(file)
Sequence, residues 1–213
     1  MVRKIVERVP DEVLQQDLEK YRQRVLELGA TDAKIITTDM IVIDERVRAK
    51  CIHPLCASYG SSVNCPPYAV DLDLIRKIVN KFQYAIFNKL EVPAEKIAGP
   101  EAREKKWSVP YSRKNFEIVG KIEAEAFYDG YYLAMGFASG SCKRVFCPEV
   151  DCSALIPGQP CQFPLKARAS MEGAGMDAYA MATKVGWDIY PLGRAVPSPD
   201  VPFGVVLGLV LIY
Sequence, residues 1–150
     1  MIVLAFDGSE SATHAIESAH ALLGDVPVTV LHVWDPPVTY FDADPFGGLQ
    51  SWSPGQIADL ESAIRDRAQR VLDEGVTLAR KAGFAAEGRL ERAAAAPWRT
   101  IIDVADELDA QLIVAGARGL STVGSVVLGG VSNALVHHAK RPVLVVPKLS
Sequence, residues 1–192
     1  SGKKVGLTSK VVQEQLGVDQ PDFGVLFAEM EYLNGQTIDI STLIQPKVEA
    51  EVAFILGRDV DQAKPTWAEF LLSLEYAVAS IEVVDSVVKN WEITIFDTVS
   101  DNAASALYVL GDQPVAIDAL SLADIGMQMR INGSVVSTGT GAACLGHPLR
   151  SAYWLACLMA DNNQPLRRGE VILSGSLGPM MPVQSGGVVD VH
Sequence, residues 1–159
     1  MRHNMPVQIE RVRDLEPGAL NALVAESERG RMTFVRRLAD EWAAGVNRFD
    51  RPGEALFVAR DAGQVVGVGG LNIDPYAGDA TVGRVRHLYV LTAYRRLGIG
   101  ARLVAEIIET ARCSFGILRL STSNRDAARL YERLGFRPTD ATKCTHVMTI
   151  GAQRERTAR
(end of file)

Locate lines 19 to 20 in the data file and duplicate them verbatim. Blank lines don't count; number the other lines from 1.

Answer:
   101  ARLVAEIIET ARCSFGILRL STSNRDAARL YERLGFRPTD ATKCTHVMTI
   151  GAQRERTAR